I’ve been asked many times about the taking your Canada Pension Plan (or CPP) early. It’s one of the issues facing seniors and income management of their retirement funds, my conclusion is that it makes sense to take CPP as early as you can in most cases. Again there are a number of factors that can determine this process and they should be considered. We can help you understand which makes the most sense for you. Contact us at Henley Financial & Wealth Management.
In seeking the answer of when to take your CPP – ask yourself these five questions…
1) When will you retire?
Under the old rules, you had to stop working in order to collect your CPP benefit. The work cessation rules were confusing, misinterpreted and difficult to enforce so it’s probably a good thing they are a thing of the past.
Now you can start collecting CPP as soon as you turn 60 and you no longer have to stop working. The catch is that as long as you’re working, you must keep paying into CPP even if you are collecting it. The good news is that paying into it will also increase your future benefit.
2) How long will you live?
This is a question that no one can really answer so assume Life Expectancy to be the age factor when considering the question. At present a Male has a life expectancy of 82 and a female has a life expectancy of 85. These vales change based on lifestyle and health factors but it gives us a staring point.
Under the old rules, the decision to collect CPP early was really based on a mathematical calculation of the break-even point. Before 2012, this break-even point was age 77. With the new rules, every Canadian needs to understand the math.
If you qualify for CPP of $502 per month at age 65, let’s say you decide to take CPP at age 60 at a reduced amount while instead of waiting till 65 knowing you will get more income by deferring the income for 5 years.
Under Canada Pension Plan benefits, you can take income at age 60 based on a reduction factor of 0.6% for each month prior to your 65th birthday. Therefore your benefit will be reduced by 36% (0.6% x 60 months) for a monthly income of $321.28 starting on your 60th birthday.
Now fast-forward 5 years. You are now 65. Over the last 5 years, you have collected $321.28 per month totalling $19,276.80. In other words, your income made until age 60 was $19,276.80 before you even started collecting a single CPP cheque if you waited until age 65. That being said, at age 65 you are now going to get $502 per month for CPP. The question is how many months do you need to collect more pension at the age of 65 to make up the $19,276.80 you are ahead by starting at age 60? With simple math it will take you a 109 months (or 9 years) to make up the $19,276.80. So at age 74, you are ahead if you start taking the money at age 60, you start to fall behind at age 75.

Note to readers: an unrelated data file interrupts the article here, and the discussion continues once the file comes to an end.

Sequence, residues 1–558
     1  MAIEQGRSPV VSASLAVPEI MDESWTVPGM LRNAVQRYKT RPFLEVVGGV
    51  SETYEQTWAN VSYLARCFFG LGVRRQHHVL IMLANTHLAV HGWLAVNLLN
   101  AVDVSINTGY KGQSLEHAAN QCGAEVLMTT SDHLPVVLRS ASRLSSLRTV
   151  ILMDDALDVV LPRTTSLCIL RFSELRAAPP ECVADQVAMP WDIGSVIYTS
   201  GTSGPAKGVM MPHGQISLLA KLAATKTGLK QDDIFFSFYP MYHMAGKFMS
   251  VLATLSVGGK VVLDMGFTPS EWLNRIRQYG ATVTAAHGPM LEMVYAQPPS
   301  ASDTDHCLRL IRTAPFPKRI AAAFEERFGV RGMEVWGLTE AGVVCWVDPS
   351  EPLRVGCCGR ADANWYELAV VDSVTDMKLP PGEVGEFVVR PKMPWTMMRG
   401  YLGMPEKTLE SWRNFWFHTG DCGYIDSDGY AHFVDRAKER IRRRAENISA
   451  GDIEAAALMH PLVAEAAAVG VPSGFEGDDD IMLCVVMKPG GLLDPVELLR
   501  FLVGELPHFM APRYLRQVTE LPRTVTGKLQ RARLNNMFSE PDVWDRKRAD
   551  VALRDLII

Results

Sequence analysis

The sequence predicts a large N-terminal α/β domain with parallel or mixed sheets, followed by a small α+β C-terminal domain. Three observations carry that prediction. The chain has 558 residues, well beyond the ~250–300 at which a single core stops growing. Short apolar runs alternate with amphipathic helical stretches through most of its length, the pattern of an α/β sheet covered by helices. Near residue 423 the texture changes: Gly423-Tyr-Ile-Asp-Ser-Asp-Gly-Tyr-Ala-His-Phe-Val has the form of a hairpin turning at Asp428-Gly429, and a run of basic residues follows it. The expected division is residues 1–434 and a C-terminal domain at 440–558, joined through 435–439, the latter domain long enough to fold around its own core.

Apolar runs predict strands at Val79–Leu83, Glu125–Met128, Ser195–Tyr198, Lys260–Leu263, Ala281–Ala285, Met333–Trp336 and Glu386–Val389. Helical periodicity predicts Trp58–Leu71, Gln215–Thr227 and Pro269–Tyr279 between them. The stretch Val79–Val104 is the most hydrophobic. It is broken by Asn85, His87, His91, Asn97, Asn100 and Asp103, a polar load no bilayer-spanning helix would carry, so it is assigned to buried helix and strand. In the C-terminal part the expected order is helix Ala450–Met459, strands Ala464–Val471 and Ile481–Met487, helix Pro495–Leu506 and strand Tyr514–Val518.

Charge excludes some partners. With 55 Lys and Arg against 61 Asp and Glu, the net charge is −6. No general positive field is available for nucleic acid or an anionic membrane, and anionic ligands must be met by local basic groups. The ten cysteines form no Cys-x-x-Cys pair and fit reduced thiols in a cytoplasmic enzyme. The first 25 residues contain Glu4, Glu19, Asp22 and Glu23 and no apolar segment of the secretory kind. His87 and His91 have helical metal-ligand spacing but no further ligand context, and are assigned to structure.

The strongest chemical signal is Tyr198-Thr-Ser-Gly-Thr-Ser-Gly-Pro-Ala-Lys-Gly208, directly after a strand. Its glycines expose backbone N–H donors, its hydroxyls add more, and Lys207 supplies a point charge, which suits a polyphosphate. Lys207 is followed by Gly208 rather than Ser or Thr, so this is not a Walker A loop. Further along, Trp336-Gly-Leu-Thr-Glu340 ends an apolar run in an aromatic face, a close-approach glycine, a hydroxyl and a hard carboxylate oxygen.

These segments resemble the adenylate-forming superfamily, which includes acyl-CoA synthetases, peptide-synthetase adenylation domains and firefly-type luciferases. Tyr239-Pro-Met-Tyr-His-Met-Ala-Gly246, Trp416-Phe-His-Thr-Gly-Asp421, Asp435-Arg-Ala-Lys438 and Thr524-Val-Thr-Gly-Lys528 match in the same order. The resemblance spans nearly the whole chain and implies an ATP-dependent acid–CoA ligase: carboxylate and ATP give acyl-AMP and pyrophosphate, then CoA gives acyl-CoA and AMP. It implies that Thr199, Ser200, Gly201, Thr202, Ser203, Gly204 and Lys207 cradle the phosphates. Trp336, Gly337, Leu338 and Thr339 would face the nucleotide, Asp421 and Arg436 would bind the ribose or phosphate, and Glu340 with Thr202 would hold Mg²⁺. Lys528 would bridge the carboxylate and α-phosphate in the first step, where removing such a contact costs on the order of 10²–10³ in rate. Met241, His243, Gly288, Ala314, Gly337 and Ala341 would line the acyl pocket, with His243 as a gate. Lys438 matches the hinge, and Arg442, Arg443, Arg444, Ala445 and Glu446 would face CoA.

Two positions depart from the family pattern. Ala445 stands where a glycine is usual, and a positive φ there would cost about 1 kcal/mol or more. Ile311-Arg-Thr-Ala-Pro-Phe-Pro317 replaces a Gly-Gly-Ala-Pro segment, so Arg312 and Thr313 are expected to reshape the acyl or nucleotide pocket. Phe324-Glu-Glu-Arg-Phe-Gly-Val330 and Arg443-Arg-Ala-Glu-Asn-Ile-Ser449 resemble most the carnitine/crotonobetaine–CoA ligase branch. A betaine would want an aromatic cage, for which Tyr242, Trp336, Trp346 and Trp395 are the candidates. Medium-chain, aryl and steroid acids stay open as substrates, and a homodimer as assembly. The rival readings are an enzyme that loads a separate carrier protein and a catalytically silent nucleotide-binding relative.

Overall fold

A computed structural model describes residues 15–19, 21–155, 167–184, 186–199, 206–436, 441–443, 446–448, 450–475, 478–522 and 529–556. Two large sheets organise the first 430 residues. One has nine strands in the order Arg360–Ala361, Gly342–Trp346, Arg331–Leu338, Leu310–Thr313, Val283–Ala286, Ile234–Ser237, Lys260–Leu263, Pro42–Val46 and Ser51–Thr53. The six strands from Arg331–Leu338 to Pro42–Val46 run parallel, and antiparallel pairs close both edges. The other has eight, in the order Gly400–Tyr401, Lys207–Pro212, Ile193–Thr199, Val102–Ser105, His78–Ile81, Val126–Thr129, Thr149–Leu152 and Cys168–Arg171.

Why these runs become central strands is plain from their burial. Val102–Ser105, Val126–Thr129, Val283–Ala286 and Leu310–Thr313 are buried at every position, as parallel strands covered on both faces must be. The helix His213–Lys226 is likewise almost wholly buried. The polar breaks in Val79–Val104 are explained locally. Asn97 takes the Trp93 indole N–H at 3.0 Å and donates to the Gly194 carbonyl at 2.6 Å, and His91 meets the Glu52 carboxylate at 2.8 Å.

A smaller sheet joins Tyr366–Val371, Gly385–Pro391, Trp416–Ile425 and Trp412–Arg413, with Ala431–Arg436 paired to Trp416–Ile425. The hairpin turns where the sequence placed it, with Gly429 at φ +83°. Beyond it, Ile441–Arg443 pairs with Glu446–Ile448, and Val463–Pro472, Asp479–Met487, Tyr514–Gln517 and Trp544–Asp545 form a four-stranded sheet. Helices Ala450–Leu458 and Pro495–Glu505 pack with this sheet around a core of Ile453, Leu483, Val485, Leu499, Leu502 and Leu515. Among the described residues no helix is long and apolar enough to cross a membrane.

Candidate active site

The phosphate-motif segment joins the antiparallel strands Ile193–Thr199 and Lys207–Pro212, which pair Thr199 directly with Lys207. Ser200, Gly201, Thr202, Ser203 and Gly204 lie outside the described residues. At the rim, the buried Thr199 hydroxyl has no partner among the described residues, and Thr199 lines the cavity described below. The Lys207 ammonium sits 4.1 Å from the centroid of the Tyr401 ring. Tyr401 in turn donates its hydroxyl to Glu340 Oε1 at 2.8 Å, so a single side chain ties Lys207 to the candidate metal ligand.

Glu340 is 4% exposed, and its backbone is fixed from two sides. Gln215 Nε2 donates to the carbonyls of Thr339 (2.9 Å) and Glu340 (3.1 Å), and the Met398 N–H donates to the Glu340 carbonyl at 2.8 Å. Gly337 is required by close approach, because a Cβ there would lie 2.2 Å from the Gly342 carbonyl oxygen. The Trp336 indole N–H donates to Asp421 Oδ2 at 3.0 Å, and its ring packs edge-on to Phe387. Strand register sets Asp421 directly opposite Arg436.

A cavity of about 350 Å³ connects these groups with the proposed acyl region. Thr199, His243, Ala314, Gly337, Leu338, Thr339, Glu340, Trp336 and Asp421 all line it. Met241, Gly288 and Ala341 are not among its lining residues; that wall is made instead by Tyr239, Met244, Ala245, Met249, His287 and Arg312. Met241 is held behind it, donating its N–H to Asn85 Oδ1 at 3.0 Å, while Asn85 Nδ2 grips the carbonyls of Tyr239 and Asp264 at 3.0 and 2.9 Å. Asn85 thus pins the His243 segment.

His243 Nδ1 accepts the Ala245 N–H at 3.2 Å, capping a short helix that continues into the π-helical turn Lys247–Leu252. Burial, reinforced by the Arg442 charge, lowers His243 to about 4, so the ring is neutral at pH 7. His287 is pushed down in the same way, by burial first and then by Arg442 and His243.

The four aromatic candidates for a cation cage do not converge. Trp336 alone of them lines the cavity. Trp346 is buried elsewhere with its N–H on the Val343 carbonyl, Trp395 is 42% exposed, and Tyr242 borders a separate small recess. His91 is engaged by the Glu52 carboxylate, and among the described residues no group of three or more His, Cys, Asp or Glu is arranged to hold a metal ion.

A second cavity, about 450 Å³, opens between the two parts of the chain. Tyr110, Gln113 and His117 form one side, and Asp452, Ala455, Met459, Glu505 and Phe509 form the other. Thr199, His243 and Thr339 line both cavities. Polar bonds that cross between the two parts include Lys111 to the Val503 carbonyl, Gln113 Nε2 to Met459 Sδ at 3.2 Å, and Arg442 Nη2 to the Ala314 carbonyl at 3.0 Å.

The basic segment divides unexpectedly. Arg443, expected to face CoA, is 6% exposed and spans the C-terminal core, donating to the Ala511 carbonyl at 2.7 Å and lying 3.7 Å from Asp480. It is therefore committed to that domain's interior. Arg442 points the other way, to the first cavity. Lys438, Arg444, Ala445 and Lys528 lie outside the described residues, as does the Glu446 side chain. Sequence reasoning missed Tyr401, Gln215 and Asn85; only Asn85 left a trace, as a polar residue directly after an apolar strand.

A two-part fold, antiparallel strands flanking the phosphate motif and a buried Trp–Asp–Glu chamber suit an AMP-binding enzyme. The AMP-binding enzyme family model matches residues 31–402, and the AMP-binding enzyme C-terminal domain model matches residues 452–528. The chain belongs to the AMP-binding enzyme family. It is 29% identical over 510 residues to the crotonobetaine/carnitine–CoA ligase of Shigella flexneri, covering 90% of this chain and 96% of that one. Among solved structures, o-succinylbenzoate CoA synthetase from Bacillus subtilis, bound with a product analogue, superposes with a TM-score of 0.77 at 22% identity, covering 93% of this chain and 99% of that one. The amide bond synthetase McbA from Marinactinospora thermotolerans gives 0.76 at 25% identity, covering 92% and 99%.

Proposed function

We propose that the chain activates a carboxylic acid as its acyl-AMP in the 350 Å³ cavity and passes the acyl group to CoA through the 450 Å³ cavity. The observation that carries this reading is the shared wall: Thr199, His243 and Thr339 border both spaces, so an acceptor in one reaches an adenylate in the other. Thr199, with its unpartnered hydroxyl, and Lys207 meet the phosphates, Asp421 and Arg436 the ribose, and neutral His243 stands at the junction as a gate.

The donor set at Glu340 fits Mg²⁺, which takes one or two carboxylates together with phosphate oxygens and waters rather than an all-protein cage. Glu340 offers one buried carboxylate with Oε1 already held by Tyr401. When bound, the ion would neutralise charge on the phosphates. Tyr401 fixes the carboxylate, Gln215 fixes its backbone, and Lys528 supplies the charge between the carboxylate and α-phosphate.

The math alone is still a very powerful argument for taking CPP early.
So, “How long do you expect to live?”
3) When will need the money?
When are you most likely to enjoy the money? Before the age 74 or after age 74, for most people, they live there best years of their retirement in the early years. Therefore a little extra income in the beginning helps offset the cost of an active early retirement. Some believe it’s better to have a higher income later because of the rising costs of health care and this is when you are most likely to need care. Whatever you believe, you need to plan your future financial security. It is hard to know whether you will become unhealthy in the future but what we do know is most of the travelling, golfing, fishing, hiking and the things you want to do and see are usually done in the early years of retirement.
4) What happens if you delay taking your CPP?
Let’s go back to age 60 you could collect $321.28 per month. Let’s you decide to delay taking CPP by one year to age 61. So what’s happens next? $3,855.36 from her CPP ($321.28 x 12 months), but chose not to, so you are able to get more money in the future. That’s fine as long as you live long enough to get back the money that you left behind. Again, it comes back to the math. For every year you delay taking CPP when you could have taken it, you must live one year longer at the other end to get it back. By delaying CPP for one year, you must live to age 75 to get back the $3,855.36 that you left behind. If you delay taking CPP until 62, then you have to live until 76 to get back the two years of money you left behind.
Why wouldn’t you take it early given the math? The only reason I can think of is that you think you will live longer and you will need more money, as you get older.
Any way the math adds up… you can always take the money early and if you don’t need it put it in a TFSA and let it make interest. You can use it later in life if you choose.